BY KEN DOHERTY
‘Jack came alive in front of television cameras and had a great charisma while Bobby was much more private but was a fun person to be around for those who knew him well and were trusted in his circle’
Like all of the footballing world, I was very saddened to hear of the passing of Bobby Charlton at the weekend. When they come to write the history of England and indeed world soccer, Sir Bobby will always be close to the top as he was a football player who was able to operate at the highest level while being a gentleman on and off the pitch.
I got to know him over the past two or three decades during my visits to Old Trafford. When I went there with the Snooker World Champions trophy in 1997 at the invitation of the then manager Alex Ferguson, I was delighted to meet Bobby and then former chairman Martin Edwards in the boardroom.
Bobby actually was a keen snooker fan and I invited him to be my guest at the Crucible Theatre in Sheffield when I was playing there. As you may know, he was a particularly shy man and he thanked me profusely for my kindness but said he preferred to watch the big tournaments on television in the privacy of his own home.
That example alone showed that he was the antithesis of George Best, one of the United trilogy with Bobby and Denis Law, who lived most of his adult life in the public eye. Those three stars were the players who drove United on post Munich when the Busby Babes were virtually wiped out in that horrific crash in Munich on February 6, 1958. Bobby, along with Bill Foulkes and Harry Gregg were players who survived that black day in United’s history (as did Sir Matt Busby).
It was almost beyond belief to think that a little over a decade later, all three – Bobby, Bill and Matt – would be at the heart of United’s first and greatest European Cup success against the Eusebio led Benfica at Wembley Stadium.
Bobby not alone captained Man United on the night but was the start player after scoring two goals from his midfield position.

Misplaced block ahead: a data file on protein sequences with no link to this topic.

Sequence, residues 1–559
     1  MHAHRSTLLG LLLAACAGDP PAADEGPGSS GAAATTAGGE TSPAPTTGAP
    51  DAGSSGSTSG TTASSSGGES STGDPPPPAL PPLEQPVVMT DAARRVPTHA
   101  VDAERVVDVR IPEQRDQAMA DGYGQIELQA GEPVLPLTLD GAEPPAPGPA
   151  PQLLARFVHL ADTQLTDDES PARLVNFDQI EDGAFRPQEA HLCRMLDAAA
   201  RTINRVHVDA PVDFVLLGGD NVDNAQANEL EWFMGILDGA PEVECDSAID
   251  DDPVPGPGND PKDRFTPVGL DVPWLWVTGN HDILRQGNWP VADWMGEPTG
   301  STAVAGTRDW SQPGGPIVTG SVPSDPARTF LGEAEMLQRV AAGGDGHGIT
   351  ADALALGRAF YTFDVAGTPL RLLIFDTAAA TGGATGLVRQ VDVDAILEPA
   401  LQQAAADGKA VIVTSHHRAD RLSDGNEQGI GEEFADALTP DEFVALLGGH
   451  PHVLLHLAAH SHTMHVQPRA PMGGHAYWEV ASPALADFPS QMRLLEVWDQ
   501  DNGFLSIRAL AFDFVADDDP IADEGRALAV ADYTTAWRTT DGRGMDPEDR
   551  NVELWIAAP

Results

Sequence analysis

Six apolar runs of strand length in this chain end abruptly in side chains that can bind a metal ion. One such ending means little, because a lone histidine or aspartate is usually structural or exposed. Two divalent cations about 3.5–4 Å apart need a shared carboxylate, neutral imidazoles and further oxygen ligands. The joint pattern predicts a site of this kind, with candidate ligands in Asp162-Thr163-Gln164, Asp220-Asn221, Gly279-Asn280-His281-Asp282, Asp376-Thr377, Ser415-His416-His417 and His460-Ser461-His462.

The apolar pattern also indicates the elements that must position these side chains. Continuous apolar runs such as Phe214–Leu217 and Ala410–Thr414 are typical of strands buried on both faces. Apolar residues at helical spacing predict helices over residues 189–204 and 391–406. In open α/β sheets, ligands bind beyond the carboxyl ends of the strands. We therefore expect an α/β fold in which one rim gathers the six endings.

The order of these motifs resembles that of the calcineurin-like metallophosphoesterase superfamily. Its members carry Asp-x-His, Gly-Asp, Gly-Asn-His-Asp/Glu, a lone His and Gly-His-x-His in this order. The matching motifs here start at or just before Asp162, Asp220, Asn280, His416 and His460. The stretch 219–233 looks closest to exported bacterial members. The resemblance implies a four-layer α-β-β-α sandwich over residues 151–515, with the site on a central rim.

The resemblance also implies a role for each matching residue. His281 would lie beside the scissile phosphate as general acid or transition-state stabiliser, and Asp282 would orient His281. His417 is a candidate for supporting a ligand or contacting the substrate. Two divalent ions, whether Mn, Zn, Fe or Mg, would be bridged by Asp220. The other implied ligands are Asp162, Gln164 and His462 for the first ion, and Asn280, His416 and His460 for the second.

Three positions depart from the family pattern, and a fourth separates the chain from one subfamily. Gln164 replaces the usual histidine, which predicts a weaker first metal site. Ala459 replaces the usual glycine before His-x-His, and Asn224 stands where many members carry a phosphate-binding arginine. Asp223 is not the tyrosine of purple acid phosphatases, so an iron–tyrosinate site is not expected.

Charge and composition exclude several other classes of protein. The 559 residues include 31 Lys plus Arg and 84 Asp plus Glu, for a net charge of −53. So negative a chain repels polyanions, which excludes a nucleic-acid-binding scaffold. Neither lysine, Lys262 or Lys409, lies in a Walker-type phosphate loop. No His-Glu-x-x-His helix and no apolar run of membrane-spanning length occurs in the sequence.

In an England shirt too, it is hard to argue if there has ever been a better player. He scored 49 goals from midfield and got the two goals in the World Cup semi-final against Portugal which saw England progress to the final where they accounted for West Germany after extra-time.
It was only some time later than the manager Alf Ramsey revealed how great a team player Bobby was as he sacrificed his own imaginative and creative game at Alf’s asking to negate the influence of their schemer Franz Beckenbauer in the opponents team.
It is well known that while Bobby and Jack celebrated together on the Wembley turf, later in life the brothers became more estranged due to family circumstances. Jack became an honorary Irishman for his exploits with our teams in the eighties and nineties but he always doffed his cap to “our kid’ as he called Bobby for the natural skill and athleticism he possessed.
Jack came alive in front of television cameras and had a great charisma while Bobby was much more private but was a fun person to be around for those who knew him well and were trusted in his circle.
Peter Schemeichel told a story over the weekend of how he had a group of 12 or 13 Danish people in the United restaurant and just waved to Bobby who was eating at a table with a few other guests of his own.
Bobby interrupted his own lunch to walk over and spend 10 minutes welcoming everyone individually to United while asking them about themselves as well. That’s what made him a man apart, he was a true gentleman of the game and one who we can truly say will never see his likes again.
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